Part 2 $85/sf Construction cost - Now What?

Part 2 By Marc Goodin

"The Path to Success is to take Massive Determined Action" Tony Robins Ten years, 5 years ago and a year ago self storage took massive determined action and it will be the same when you get started today or ten years from now.

There have always been several critical steps to building a self storage but now they are more important than ever. One of the most overlooked things is properly reviewing a property in detail as it relates to site work costs before you determine an offering price. Many buyers have no idea the land they are buying will cost $100,000 to $400,000 or more ($2 - $5 a sf for a 50,000 sf facility) more to build due to bad soils, steep topography, buying unusable (wetlands, 100-year floodplain) land, etc. Existing utilities or a lack thereof are a factor in development. In many states if there is no water you must build an unreasonable number of costly firewalls. And if there is suitable water service but it is on the other side of a major road where they make you bore under the road it can cost an extra $50,000.

All of the sudden again novices are seeing how well self storage is doing believing “Build it and they will come” is true. It is not. Location, location, location is the first step of many steps to make sure they will come and pay premium prices.

It is great to be excited but don't forget the work.

You will need a civil engineer to take the time to walk and review a property and the regulations, so you understand the “extra costs” of building on one site vs another. Some municipality regulations have severe impervious or building coverage limits or other regulations. This can mean it take 8 or 10 acres of land instead of 6 acres to build the same square feet. In other words possible an extra cost of several hundred thousand dollars.

Do you really know how to properly negotiate and re-negotiate land costs for your maximum savings on the price of the land? Are you willing to learn? Here is a link to Buying Land for Self-Storage Development: 3 Steps to a Rewarding Negotiation.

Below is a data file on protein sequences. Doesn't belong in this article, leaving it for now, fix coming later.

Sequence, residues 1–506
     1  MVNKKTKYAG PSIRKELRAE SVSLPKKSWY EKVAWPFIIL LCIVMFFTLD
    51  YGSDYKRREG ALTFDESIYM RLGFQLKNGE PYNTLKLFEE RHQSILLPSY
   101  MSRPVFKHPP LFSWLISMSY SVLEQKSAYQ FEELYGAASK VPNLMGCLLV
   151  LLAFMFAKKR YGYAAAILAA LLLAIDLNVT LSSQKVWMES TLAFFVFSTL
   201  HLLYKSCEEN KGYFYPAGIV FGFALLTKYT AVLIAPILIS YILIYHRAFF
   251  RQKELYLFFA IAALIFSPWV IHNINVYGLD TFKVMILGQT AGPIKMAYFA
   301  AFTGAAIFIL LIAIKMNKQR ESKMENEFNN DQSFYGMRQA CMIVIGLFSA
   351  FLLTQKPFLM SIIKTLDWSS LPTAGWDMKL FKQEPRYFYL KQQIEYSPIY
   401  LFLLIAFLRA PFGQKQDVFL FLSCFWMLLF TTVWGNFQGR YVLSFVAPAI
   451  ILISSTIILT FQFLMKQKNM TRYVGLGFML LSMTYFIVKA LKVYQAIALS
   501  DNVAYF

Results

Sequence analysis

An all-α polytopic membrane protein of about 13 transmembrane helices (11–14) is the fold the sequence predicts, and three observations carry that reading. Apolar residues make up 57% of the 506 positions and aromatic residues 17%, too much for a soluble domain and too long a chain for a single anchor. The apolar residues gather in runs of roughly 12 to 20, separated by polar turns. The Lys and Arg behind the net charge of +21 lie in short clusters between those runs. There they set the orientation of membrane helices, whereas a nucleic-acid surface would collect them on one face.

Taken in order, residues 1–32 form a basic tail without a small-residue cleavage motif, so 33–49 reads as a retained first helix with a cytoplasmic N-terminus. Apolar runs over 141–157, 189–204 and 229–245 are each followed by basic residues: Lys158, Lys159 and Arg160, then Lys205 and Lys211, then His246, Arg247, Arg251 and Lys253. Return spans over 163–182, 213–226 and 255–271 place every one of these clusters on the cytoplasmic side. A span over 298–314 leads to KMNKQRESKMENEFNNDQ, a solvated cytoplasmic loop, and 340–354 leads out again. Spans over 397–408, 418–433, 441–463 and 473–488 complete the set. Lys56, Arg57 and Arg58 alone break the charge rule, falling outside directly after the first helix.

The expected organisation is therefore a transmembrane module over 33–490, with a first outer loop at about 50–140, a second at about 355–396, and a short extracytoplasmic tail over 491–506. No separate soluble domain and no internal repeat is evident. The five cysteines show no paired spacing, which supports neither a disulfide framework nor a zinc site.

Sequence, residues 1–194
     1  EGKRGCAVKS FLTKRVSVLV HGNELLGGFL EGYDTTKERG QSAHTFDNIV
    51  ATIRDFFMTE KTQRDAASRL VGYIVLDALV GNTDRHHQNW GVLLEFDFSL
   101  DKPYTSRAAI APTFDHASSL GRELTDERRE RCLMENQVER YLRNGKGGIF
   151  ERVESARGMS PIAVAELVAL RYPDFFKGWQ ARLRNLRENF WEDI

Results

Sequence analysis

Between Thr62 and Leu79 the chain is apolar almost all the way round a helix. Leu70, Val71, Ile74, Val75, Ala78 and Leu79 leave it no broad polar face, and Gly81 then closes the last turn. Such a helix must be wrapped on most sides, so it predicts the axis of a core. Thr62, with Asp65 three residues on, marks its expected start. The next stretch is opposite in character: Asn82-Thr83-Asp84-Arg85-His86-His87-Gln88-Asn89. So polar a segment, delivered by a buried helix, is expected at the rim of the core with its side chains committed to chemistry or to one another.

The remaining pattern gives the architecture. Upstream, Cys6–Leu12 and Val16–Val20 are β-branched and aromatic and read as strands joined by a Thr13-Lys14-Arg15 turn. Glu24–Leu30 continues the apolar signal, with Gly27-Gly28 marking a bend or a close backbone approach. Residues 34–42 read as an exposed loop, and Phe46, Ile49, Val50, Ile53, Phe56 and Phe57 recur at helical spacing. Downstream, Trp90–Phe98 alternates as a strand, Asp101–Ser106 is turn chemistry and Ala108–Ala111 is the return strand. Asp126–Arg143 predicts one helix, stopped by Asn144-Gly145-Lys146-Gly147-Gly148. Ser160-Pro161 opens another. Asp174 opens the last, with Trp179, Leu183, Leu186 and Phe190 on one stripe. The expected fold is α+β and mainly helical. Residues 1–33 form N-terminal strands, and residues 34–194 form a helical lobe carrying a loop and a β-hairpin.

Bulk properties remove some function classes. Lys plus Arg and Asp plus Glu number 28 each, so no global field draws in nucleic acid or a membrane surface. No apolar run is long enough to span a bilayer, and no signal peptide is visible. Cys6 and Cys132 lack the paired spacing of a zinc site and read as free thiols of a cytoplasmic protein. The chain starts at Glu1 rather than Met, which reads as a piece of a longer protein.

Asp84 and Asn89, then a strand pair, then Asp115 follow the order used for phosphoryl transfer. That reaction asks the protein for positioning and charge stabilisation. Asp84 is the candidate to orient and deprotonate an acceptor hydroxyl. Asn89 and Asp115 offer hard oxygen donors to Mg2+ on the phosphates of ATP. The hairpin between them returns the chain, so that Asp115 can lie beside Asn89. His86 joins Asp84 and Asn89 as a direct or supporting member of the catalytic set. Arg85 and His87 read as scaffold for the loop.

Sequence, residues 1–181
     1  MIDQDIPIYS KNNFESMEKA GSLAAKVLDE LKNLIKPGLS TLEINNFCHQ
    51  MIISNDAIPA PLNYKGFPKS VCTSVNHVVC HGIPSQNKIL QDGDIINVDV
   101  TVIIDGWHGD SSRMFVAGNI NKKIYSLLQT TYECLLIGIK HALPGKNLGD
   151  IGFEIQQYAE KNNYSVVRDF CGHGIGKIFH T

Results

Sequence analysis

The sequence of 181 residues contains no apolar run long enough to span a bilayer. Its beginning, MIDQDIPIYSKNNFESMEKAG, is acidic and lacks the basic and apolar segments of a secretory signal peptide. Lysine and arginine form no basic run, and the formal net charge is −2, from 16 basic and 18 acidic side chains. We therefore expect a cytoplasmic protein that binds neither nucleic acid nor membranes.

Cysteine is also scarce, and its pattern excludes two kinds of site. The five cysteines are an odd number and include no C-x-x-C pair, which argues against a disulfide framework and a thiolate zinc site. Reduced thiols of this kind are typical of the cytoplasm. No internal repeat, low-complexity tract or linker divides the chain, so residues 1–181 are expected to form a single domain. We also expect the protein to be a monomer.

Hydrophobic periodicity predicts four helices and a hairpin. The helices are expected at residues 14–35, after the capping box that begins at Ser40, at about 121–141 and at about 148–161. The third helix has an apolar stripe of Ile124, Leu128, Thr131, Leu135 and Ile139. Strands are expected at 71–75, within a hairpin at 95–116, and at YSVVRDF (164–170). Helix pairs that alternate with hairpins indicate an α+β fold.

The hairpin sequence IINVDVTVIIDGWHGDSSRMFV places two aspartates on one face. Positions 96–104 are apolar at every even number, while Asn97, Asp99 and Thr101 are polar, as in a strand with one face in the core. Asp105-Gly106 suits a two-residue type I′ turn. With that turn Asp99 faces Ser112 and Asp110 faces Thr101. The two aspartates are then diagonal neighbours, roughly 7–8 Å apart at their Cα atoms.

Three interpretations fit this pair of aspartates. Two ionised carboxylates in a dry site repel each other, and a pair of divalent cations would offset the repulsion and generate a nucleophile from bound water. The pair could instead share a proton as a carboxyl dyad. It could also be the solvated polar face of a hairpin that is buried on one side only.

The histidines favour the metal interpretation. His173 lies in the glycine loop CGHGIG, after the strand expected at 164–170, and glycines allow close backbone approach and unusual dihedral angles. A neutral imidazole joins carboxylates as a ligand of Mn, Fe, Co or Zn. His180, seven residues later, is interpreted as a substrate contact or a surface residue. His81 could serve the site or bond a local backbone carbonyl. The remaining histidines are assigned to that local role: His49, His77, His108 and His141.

Not fully understanding the cost due to certain building and site design features can lead to a couple to several extra dollars a square foot in construction cost. Don’t assume your engineer and architect are considering all the value design options. They are not. Here are just several of many examples to consider from an end-user and COST point of view:

· No building gutters vs gutters, pavement curb vs no curb

· Building in 10-foot increments for cost efficiency.

· Layout that provides for the right phase 1 building size for your budget.

· Partial Camera to full video coverage. The last 10 percent coverage is the costliest.

· Electric heat vs gas heat, especially in some southern locations where heating is used less often. ($35,000 savings)

· Full hallway ceiling system vs an open ceiling system ($50,000 savings ceiling & sprinkler system).

· Perimeter fence vs the building as the perimeter fence. With chain link fence moving past $40 a foot and decorative steel fence easily over $100 a foot this is one important aspect of the layout.

· Storm drainage cost are dependent on many items such as roof directional pitch, building gutters, no curb and sheet flow to drainage swales when possible. The difference between a well thought out drainage design and the typical off the shelf design can be $100,000 or a couple of dollars a sf. The cost of drainage and the detention/renovation basins can skyrocket when there is not enough land and they have to be shoe horned to make them work or worse yet require retaining walls.

Poor plans and poor bidding specifications easily lead to higher construction cost over and over. The typical AIA construction contract favors the contractor. In a nutshell it simply says they will build what is on the plans. But plans and specs can leave much up to interpretation or a handshake deal which can lead to significant cost overruns.